Red Sox

Our preseason expectations for the Red Sox were wrong. But what should they be now?

This isn't a bad team anymore, but is it a serious contender?

Red Sox relief pitcher Matt Barnes, right, celebrates the win with catcher Christian Vazquez, left, during the ninth inning of a baseball game against the Philadelphia Phillies, Saturday, May 22, 2021, in Philadelphia. The Red Sox won 4-3. AP


In my 40-plus years of watching the Red Sox, I’m not sure I’ve witnessed a season where expectations were drastically recalibrated in an optimistic direction before Memorial Day like they have been this year.

The 1986 and ’88 Red Sox both won the American League East after finishing fifth the previous year. But those teams were rich in veteran talent. The emergence of well-regarded young players into true stars – AL Cy Young winner and Most Valuable Player Roger Clemens in ’86 and MVP runner-up Mike Greenwell and Ellis Burks in ’88 – took them to another level.


The 1995 Red Sox were a surprise division champ after going 54-61 in the strike-shortened ’94 season. There are some parallels to this year’s team, as I’ve written about before, especially in the front office’s knack for finding helpful players in the margins of free agency and the waiver wire. You say Garrett Richards, I say Erik Hanson.

The most similar team to this one was probably the ’13 Red Sox, who went 69-93 under preening debacle Bobby Valentine in ’12, dumped him and brought John Farrell (an extremely popular hire at the time) over from the Blue Jays, added more than a half-dozen respected veteran free agents, and became an avatar for the city’s hope and healing after the Marathon bombings en route to winning the franchise’s third World Series in 10 years.

But I’d argue that the ’13 team entered its season with more optimism than the ’20 Red Sox did. David Ortiz missed 72 games in ’12, but he was still a monster at the plate (1.026 OPS). Jon Lester, Dustin Pedroia, and Jacoby Ellsbury were all entering their age-29 seasons, still in their prime. Will Middlebrooks looked like the classic power-hitting third baseman in the ’77 Butch Hobson mold, and top prospect Xander Bogaerts was on his way.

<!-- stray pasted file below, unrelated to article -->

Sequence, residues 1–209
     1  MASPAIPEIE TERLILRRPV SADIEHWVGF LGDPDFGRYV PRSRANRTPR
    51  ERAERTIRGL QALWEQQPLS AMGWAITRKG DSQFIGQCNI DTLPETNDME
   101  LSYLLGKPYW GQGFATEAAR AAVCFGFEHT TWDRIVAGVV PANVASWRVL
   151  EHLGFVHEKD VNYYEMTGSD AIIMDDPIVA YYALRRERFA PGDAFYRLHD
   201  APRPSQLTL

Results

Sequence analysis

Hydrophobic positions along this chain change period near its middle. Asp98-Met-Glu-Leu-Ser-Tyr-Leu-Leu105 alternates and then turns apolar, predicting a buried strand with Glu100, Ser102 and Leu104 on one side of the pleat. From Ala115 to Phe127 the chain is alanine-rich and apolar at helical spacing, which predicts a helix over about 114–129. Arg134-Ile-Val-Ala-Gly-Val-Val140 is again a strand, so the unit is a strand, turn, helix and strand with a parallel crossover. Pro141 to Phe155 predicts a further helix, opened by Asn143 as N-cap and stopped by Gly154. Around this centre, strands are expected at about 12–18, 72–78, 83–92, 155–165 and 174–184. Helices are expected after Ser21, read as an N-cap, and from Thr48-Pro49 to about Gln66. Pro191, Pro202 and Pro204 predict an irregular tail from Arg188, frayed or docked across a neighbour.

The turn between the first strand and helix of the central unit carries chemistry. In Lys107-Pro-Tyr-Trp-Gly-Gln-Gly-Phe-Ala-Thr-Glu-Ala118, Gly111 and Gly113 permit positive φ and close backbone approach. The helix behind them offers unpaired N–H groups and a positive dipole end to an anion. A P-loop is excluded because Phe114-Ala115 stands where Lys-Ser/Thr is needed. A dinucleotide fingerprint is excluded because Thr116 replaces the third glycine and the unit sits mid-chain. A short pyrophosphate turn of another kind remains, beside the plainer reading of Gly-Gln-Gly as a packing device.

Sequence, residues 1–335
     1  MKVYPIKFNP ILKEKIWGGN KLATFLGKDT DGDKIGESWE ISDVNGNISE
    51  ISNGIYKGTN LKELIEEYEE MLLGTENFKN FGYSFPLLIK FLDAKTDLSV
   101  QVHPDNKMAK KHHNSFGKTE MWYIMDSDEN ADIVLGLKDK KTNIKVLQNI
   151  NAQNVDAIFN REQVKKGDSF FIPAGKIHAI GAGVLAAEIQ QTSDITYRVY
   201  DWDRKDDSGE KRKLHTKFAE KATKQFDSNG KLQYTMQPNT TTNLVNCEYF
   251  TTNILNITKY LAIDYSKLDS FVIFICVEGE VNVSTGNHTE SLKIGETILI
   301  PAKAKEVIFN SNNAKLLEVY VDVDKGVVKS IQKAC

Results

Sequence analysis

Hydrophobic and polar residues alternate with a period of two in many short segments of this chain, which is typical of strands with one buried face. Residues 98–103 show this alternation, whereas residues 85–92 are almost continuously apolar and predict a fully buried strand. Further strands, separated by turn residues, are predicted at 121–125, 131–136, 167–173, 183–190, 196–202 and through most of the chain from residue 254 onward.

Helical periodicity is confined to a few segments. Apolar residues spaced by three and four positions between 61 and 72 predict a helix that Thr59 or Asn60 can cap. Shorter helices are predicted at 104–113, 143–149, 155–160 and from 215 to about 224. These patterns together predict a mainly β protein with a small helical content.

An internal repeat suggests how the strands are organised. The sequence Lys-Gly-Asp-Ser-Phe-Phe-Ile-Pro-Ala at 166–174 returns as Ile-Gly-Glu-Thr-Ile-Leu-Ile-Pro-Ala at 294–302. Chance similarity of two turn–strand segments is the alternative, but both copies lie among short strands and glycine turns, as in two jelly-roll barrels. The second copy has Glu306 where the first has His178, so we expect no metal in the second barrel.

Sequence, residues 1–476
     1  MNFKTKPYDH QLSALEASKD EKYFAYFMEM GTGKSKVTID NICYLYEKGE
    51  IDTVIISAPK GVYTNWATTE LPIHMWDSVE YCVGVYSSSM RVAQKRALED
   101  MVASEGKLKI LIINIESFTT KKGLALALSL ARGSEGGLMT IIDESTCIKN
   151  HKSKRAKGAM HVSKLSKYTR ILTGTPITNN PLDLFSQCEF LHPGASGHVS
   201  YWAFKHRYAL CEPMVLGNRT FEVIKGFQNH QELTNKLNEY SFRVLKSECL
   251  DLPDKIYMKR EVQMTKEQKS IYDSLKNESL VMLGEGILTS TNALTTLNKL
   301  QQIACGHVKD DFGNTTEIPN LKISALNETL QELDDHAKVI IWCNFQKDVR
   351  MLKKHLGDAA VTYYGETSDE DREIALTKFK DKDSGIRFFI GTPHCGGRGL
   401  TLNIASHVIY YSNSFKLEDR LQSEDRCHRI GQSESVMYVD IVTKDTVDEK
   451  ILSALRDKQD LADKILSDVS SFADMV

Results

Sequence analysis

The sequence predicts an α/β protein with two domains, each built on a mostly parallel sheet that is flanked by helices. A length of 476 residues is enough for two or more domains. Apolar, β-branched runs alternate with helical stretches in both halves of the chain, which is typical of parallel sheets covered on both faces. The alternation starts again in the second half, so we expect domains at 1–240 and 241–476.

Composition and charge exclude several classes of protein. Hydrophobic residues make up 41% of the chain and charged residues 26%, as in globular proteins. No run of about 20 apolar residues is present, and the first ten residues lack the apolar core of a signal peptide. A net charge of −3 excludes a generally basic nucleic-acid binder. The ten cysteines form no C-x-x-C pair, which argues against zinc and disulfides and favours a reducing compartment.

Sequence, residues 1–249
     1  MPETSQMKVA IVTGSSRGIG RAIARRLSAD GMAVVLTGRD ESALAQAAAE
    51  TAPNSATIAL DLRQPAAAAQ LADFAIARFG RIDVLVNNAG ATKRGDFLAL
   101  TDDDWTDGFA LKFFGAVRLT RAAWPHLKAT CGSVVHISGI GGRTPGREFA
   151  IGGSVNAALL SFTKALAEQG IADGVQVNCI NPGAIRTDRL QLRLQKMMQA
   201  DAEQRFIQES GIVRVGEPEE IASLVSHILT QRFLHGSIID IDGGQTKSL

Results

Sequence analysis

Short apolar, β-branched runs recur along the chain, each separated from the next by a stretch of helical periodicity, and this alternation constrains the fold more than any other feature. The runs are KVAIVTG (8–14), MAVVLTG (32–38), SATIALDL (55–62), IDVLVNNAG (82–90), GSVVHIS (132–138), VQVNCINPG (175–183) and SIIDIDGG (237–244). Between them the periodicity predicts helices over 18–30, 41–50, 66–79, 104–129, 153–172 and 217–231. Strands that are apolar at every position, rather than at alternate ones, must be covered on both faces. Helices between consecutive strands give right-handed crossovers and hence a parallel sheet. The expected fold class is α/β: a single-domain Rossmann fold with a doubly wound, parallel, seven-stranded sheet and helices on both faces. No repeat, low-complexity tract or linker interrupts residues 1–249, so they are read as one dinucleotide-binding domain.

There was hope. If a few things broke right, they might be pretty good. As it turned out, everything broke right on the field, and the clubhouse was as unified as any we’ve seen, including 2004. If ’13 is your favorite Red Sox team, I understand why.

I’m not sure anyone outside of the Red Sox clubhouse and front office had high expectations for this 2021 entry – and I’m not convinced everyone within those walls thought they’d be better than adequate this year. I pegged them for around 83 wins and a spot on the fringe of the playoff race in September, which brought on charges of being excessively bullish after last year’s abbreviated 24-36 disaster. Those charges were probably fair, too.

I figured they’d score runs by the barrel, especially if J.D. Martinez found his swing (has he ever), and that roster architect Chaim Bloom had added quality depth and versatility to the roster. Weeding out the half-dozen to a dozen 2020 pitchers that had no business on a major league roster has also helped. Fare thee well, Mike Kickham.